Commission Disputes

From time to time, disputes arise over commissions – who was paid, who wasn’t paid, and who thinks they should have been paid. REALTORS® are different from non-member licensees in that they voluntarily subscribe to a strict Code of Ethics. The REALTOR® Associations have the mechanisms in place to settle such disputes. It is known as arbitration.

Arbitration is when an unbiased third party makes a decision regarding disputed funds. The process is very much like a court hearing. The broker requesting the arbitration is known as the Complainant (or Requestor). The broker defending the funds is known as the Respondent. Each will present their case to a panel of their peers who have been trained to understand the issues and render an impartial decision. The panel will decide based on the preponderance of evidence which party is entitled to the disputed funds.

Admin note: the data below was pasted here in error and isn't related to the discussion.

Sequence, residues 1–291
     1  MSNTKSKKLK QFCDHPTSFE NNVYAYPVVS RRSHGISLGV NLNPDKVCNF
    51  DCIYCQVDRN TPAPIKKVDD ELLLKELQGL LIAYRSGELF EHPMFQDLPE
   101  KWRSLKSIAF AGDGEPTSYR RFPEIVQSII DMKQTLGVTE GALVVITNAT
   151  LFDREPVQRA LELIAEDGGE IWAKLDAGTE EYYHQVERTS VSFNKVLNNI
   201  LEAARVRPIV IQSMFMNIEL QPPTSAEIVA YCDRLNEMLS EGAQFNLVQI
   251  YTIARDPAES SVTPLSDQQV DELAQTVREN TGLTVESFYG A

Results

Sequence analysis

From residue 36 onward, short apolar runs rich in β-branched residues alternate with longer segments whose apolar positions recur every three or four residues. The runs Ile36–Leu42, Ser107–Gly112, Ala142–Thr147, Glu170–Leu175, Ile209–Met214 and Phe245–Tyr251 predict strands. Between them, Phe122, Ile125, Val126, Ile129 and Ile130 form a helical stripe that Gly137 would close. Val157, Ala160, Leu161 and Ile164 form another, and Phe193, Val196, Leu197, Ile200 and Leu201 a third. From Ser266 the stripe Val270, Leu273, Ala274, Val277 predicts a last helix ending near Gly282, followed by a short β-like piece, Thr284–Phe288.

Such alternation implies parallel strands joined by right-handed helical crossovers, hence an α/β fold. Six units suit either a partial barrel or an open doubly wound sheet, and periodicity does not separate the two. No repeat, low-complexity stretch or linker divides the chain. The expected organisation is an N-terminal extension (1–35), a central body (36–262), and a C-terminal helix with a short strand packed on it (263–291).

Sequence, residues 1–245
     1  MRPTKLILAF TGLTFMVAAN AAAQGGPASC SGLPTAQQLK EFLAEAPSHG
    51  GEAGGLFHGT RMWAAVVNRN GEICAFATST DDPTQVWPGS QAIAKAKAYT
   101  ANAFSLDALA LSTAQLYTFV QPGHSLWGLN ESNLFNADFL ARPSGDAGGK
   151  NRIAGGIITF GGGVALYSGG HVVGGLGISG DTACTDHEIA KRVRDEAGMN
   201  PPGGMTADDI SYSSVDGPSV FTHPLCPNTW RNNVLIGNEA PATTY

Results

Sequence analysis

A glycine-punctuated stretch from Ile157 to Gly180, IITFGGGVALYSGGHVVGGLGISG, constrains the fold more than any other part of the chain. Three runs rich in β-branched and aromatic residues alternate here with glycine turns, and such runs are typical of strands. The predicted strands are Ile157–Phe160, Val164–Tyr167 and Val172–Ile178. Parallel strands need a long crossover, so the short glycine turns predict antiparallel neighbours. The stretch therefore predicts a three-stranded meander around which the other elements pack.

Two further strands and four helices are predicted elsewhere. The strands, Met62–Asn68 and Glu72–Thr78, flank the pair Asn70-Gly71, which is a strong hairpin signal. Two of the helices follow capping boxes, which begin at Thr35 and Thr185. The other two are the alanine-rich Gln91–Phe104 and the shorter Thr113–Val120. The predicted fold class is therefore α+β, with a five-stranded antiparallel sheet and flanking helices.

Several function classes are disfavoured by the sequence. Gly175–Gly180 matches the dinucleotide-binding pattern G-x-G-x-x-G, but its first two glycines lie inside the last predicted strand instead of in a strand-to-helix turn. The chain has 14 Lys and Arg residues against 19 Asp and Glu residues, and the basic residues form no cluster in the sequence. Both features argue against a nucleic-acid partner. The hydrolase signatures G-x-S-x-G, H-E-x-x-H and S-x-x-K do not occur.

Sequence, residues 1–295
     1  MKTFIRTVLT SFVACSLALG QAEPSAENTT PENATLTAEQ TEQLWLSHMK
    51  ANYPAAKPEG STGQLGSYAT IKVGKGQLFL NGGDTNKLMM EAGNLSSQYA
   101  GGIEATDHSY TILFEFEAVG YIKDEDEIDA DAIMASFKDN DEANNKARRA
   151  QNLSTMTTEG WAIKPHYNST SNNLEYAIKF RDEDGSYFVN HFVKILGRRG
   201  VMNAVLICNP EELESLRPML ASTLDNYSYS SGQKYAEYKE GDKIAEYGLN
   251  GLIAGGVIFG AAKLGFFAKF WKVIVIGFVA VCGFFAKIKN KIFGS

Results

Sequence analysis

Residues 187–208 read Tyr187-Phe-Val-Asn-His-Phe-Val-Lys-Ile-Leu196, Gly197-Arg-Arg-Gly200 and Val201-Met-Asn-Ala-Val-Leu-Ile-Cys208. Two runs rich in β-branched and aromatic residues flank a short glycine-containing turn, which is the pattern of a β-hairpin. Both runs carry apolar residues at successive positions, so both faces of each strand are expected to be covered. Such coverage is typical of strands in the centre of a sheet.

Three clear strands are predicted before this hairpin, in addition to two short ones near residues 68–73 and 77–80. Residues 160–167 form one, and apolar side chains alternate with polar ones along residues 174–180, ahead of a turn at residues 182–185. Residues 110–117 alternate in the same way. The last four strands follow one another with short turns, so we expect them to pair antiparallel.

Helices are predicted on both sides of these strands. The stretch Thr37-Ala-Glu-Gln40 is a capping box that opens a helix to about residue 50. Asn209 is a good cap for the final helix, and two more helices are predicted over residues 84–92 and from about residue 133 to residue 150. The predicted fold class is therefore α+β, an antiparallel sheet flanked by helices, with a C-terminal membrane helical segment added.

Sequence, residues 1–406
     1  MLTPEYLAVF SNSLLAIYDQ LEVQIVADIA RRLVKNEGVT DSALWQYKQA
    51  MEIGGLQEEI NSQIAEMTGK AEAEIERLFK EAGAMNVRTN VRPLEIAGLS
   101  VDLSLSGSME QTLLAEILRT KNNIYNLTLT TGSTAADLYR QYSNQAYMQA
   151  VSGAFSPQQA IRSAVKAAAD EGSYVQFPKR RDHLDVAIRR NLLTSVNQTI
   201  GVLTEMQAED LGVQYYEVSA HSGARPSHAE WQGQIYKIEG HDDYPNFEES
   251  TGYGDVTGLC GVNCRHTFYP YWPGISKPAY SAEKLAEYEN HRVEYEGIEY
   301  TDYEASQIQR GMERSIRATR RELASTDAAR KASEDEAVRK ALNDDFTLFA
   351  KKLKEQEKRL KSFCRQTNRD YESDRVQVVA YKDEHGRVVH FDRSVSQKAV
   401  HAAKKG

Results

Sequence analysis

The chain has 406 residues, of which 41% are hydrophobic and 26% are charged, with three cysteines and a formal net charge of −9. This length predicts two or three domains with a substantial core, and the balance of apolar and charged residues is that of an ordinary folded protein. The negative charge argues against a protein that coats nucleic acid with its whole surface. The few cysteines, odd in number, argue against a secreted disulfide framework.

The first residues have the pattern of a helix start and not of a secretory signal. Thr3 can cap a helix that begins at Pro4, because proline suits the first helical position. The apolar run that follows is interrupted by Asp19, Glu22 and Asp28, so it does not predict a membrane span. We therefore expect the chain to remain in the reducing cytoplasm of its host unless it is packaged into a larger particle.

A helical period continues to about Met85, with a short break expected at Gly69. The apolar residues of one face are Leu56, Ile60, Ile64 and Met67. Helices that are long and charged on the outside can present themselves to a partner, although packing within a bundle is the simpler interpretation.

An arbitration is conducted between two brokers because agents are not paid commissions – their brokers are. Because an agent cannot receive funds, nor can they disburse funds, arbitrations must include someone who has the authority to receive and disburse monies.

If you are interested in filing a Request for Arbitration, please review the following items:

Another avenue for dispute resolution through the Association is to request a mediation. A mediation is a process in which a third party facilitates a discussion between the disputing parties. It is a voluntary service that enables the parties to talk through any miscommunications and work towards a compromise. The mediator does not act as a judge and make a decision for the parties – the parties must reach a mutually agreeable solution in order for a mediation to work.

Because mediation is a voluntary process, if at any time during the discussion one party wishes to leave, they are free to do so. Resolution could then be sought either through arbitration or through the courts.

If you would like to request a mediation, please contact Idaho REALTORS® at 208.342.3585.

More Information on Mediation:

No Losers in Mediation